The spirit of Crickett Lanham-Lee seems to abide with Blackburn and the others in supporting organizations like Prevent Child Abuse Kentucky or Bikers Against Child Abuse, of which a huge, signature event is staged every year to raise funds. The Katelynn Stinnett National Memorial Ride originated in 2009 with events taking place in 43 states and three foreign countries and now takes place on the third Saturday of June in several states around the country. Besides educating thousands of the need to support efforts against child abuse, the Ride event has raised nearly half of a million dollars to help—a fitting tribute to a work that started with just a few women bikers in Kentucky.
Shain explained that the members do 10 to 15 hours per week of volunteer time along with holding down full-time jobs. National President Germaine Hobbs, Richmond, said her direct time with group activities is closer to forty. She accounted for items such as “emails, social pages, research, texts, soliciting fundraiser sponsors, member issues…” Blackburn noted that “time spent varies according to what events we have coming up. We start planning months ahead of time for most of our events.”
Shain believes the dedication has paid off with results across the state. “Since 2009, we (Kentucky) have dropped from the highest incidence of death in child abuse incidences, to number sixteen. Lots of work to do, but still progress,” she said.
Another important date in the group’s year is called “Homecoming,” a time, Blackburn said, “when all the chapters in Kentucky, West Virginia, and Florida come together for a time of sisterhood and bonding. We are just one big family.” Hobbs described the event as a time for “getting to know the new members” and to “discuss what is working and what’s not.” She added that her personal goal for the year is reenergizing efforts to petition Kentucky’s state government to push for “harsher sentences for those who commit crimes against children.”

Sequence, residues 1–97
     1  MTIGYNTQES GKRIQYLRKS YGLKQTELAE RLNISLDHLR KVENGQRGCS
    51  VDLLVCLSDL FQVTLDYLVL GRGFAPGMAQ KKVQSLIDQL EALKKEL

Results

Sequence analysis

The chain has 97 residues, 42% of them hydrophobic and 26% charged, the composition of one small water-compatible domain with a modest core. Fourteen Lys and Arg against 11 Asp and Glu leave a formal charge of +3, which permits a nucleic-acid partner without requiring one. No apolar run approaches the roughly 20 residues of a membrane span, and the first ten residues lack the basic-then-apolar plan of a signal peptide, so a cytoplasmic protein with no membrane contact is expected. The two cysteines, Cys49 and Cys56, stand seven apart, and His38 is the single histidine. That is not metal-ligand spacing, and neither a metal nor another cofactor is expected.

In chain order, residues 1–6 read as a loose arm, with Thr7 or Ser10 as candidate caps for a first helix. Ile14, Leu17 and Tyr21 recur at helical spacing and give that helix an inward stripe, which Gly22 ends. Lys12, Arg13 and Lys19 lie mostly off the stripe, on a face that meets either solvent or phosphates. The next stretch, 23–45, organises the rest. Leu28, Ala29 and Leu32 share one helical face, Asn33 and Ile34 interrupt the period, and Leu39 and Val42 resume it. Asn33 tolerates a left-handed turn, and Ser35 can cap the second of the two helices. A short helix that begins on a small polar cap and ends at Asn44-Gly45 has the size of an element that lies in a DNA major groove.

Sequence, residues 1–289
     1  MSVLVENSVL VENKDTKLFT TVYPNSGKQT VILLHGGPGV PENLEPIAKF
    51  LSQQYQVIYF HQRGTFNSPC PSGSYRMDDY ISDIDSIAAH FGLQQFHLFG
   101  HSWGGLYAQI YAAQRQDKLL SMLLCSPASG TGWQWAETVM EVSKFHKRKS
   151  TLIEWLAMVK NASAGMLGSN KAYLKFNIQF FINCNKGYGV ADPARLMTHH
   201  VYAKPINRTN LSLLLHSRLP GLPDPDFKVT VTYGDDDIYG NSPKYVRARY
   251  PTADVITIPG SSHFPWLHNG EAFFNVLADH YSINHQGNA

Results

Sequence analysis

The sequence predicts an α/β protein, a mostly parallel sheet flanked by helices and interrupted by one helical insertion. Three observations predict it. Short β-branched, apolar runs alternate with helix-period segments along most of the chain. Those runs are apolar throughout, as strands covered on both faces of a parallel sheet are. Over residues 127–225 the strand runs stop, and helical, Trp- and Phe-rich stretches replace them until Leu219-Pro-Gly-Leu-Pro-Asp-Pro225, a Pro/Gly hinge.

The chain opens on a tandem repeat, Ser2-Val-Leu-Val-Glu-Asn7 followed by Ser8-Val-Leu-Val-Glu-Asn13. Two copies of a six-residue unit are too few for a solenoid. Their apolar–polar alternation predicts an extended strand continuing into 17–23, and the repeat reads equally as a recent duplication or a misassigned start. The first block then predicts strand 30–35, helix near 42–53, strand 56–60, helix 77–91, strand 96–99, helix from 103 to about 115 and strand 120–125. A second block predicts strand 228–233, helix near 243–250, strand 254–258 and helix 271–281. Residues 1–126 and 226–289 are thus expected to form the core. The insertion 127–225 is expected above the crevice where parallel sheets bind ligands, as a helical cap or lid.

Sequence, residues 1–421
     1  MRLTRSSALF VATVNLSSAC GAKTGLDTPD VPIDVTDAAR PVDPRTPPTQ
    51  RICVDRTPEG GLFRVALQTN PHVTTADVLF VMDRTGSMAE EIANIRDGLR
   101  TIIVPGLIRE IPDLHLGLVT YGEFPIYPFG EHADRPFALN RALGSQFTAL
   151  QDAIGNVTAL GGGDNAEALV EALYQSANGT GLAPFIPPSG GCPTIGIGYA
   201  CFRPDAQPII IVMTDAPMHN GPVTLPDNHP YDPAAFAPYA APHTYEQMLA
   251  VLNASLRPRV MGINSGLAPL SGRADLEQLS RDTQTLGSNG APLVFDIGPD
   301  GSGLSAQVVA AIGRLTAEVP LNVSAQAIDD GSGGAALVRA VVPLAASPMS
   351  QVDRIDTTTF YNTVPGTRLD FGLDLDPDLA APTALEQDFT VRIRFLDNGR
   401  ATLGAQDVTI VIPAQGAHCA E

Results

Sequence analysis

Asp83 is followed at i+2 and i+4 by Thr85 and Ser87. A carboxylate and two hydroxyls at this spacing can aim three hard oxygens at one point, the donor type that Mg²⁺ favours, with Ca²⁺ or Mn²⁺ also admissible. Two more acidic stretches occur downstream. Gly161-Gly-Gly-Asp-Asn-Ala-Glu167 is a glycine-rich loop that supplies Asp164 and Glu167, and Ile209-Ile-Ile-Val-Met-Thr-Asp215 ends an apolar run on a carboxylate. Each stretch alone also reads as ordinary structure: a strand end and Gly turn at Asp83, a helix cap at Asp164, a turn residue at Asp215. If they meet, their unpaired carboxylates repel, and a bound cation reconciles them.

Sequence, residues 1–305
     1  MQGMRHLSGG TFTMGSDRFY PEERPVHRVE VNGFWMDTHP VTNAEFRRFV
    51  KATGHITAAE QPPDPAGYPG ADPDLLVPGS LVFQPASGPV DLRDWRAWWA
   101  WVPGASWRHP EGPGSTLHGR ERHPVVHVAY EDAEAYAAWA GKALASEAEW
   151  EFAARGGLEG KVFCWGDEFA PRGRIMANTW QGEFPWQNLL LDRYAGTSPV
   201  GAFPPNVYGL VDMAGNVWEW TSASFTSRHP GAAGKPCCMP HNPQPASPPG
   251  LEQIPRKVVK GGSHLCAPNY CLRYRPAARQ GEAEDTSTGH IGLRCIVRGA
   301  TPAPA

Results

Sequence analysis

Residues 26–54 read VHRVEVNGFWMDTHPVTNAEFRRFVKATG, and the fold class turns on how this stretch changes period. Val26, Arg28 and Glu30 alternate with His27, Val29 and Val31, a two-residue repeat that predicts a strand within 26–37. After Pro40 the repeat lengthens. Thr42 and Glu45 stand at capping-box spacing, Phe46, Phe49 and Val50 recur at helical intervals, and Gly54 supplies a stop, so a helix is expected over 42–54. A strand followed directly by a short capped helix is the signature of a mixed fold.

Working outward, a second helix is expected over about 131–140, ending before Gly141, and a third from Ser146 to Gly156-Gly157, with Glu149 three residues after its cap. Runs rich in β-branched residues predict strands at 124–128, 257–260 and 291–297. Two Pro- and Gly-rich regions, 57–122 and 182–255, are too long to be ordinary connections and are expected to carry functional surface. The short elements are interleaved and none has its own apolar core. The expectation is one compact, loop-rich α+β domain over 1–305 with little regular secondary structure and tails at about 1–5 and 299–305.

Another cause of passion that BACR aims its focus is supporting some of the country’s most vulnerable individuals, the American military veterans. “We are all very patriotic,” said Blackburn. “All of us have someone that has been or is now in the military. Just our way of giving back to those that have given so much.” The annual “Patriot Party” of the Riders helps to dramatize their support. Member Wendy Scroggins called it a way to say “Thanks, Vets.”
All proceeds from the fund-raiser go to U.S. veterans, with a sizeable portion going to the Veterans Administration in Lexington. One member feels most strongly about one war veteran group. “I have the utmost respect for every man and woman who serves our country and protects our freedom,” said Scroggins, “but I guess the ‘soft spot’ in my heart will always belong to the Vietnam vets who never got the appropriate ‘thank you’ or ‘welcome home’ at the time they needed it most.”
Recently group members helped a disabled veteran pay for his anti-rejection medicine after his liver transplant. They regularly make visits to disabled vets to check on individual needs, and they pass out informational literature on the plight of America’s wounded warriors. Shain emphasized that outside of BACR, they “have so many friends out there who are willing to help us. You don’t have to be a member to help our veterans.”
Clearly, the Borrowed Angels Charity Riders have lived up to their name in multiples of ten. In a world that has more than its share of hatred and indifference, a special assortment of two-wheel riding, tireless and courageous women bear witness to a stronger, more abiding force—love and compassion.
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Steve Flairty is a lifelong Kentuckian, a teacher, public speaker and an author of four books: a biography of Kentucky Afield host Tim Farmer and three in the “Kentucky’s Everyday Heroes” series. All of Steve’s books are available around the state or from the author. Steve is a senior correspondent for Kentucky Monthly as well as being a weekly KyForward contributor. Watch his KyForward columns for excerpts from all his books. This story is from Kentucky’s Everyday Heroes #3, due to be released in December, 2012. Contact Steve at firstname.lastname@example.org or “friend” him on Facebook.